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Night Factors that Increase Risk of a Driving Accident

The risk of a car accident increases at night because drivers experience reduced visibility and fatigue. Auto accident law firms can represent those involved to help determine compensation and ensure their rights are protected.

Reduced Visibility

Night vision refers to the ability to see at night and in low-light conditions. Dark conditions reduce visibility and can be dangerous for drivers. Aging also contributes to a greater inability to see clearly at night. The older a driver gets, the more light they need to see cars and pedestrians clearly on the road. Vision may be compromised further with cataracts and degenerative eye diseases related to old age.

Rush Hour

Peak traffic hours are a dangerous time to be on the road. This is true even during the summer when daylight hours are longer. The evening rush hour is usually from 4 to 7 p.m. on weekdays. The crowded roadways, slow stop-and-go movements, and frustrations of drivers rushing to get home contribute to increased risk of crashes and accidents. The dangers of evening rush hour driving are compounded during the winter, when days are shorter and drivers have to drive home in the dark.


A study conducted by the AAA Foundation for Traffic Safety found that 8.8%-9.5% of all crashes and about 10.7% of severe, police-reported crashes involved drowsy driving. The data suggests there are more drivers who continue to drive even when tired and have fallen asleep at the wheel.

Most crashes or near-miss crashes happen at around 4 to 6 a.m., 12 to 2 a.m., and 2 to 4 p.m. These are times in which drivers are presumed tired and fatigued.

foot pressing the brake

Fatigue and drowsy driving is caused by factors like work shift, lack of quality sleep, long work hours, and various sleep disorders. Not having enough sleep has the same negative effect as drinking a few beers. Fatigued drivers are more likely to be involved in a car crash than those who are well rested.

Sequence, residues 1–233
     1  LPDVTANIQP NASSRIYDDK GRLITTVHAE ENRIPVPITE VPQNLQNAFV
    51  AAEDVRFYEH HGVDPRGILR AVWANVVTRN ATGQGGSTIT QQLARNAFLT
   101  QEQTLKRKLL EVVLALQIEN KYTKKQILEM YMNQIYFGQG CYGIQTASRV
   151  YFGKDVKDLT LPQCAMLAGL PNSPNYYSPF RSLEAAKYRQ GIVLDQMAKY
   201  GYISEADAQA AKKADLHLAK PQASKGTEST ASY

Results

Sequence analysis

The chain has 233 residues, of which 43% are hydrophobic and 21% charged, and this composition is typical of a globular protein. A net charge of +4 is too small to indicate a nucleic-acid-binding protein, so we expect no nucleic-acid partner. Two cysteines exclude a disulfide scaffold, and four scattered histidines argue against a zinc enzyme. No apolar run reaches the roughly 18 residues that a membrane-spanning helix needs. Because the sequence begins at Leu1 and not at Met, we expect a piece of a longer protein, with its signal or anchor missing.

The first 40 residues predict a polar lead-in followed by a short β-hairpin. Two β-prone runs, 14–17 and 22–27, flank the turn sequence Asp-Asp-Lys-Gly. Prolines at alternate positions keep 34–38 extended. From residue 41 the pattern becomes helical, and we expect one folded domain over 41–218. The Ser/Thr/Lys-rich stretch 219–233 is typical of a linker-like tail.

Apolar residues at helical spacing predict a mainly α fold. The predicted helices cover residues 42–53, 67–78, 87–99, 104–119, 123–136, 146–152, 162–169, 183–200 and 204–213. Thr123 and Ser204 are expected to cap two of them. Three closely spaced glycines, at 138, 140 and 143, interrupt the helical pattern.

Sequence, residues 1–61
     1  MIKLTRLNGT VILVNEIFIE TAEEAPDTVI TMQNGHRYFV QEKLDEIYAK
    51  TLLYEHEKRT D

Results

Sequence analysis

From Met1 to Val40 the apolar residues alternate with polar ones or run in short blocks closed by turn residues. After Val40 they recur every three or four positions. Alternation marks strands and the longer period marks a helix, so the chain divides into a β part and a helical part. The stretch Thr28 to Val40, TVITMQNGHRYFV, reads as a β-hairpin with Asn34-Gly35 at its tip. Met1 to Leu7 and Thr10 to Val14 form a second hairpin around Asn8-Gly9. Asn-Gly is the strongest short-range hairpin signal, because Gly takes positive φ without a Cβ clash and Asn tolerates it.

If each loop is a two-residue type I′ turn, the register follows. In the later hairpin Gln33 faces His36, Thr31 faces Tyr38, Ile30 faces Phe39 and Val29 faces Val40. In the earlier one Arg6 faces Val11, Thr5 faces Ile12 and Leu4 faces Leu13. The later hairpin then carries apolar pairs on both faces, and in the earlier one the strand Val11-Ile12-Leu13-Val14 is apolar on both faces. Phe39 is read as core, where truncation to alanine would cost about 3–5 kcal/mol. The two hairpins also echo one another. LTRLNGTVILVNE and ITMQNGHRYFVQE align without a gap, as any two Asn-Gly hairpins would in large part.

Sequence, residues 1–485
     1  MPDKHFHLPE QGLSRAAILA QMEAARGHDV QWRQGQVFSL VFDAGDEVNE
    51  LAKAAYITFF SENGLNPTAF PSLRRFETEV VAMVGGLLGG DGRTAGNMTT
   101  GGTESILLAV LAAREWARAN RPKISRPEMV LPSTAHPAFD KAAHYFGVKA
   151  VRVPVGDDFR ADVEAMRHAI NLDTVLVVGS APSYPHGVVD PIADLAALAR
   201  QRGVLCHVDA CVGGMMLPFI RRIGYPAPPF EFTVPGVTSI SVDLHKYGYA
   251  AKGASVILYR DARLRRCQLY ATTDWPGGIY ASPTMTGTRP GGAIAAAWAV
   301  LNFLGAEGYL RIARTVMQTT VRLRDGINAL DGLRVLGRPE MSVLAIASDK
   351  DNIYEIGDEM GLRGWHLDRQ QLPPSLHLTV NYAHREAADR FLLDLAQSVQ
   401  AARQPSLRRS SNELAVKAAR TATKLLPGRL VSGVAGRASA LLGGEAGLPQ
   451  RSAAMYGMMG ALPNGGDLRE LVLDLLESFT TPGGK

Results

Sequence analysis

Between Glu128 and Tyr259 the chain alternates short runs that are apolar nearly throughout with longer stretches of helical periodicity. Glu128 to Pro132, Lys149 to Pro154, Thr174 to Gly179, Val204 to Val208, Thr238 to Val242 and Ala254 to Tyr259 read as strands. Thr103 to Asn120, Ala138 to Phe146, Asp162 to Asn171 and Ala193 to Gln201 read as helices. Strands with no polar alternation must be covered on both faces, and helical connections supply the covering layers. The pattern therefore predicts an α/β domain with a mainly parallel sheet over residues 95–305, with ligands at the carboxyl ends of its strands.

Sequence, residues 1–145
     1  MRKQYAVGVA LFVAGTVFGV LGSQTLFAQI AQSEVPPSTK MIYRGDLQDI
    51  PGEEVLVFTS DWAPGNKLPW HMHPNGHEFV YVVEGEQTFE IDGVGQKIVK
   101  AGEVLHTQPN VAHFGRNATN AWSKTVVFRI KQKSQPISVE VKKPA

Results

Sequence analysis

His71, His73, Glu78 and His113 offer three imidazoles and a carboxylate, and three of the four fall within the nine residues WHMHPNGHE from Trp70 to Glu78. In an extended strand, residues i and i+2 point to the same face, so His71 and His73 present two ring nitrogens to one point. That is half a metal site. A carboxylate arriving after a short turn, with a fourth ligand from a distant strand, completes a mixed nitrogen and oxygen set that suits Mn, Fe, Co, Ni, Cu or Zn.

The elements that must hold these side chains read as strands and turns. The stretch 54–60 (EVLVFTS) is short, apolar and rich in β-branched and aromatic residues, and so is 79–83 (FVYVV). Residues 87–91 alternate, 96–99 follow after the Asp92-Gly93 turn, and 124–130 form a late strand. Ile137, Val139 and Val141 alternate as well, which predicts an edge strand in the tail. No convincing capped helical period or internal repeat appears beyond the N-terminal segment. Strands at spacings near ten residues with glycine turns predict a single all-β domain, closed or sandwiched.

Impaired Driving

Impaired driving includes drivers impaired by alcohol, prescription medicines, or other drugs. Impairment increases the likelihood of accidents and of deaths from car crashes. Drivers impaired by alcohol or drugs are also more likely to stay on the road after dark and between midnight and 3 a.m. on weekends. This means that as more people are leaving restaurants and bars, more people drive under the influence.


Drivers can be tempted to drive much faster late at night when there are fewer cars on the roadway, and they are more eager to get home. However, speeding provides a driver with less time to react to sudden changes or unexpected hazards on the road. Driving at night reduces visibility and makes it more difficult to judge the speed and distance of other cars.

Increased speed is directly related to the likelihood of a crash and to the severity of the crash’s consequences. Statistics gathered by the World Health Organization found that each percent increase in average speed produced a 3% increase in serious crash risk and 4% increase in fatal crash risk.

Speeding, fatigue, and various other driving impairments can occur at all times of the day and increase the likelihood of an auto accident. However, driving at night brings the additional factor of reduced visibility, which increases risk further.

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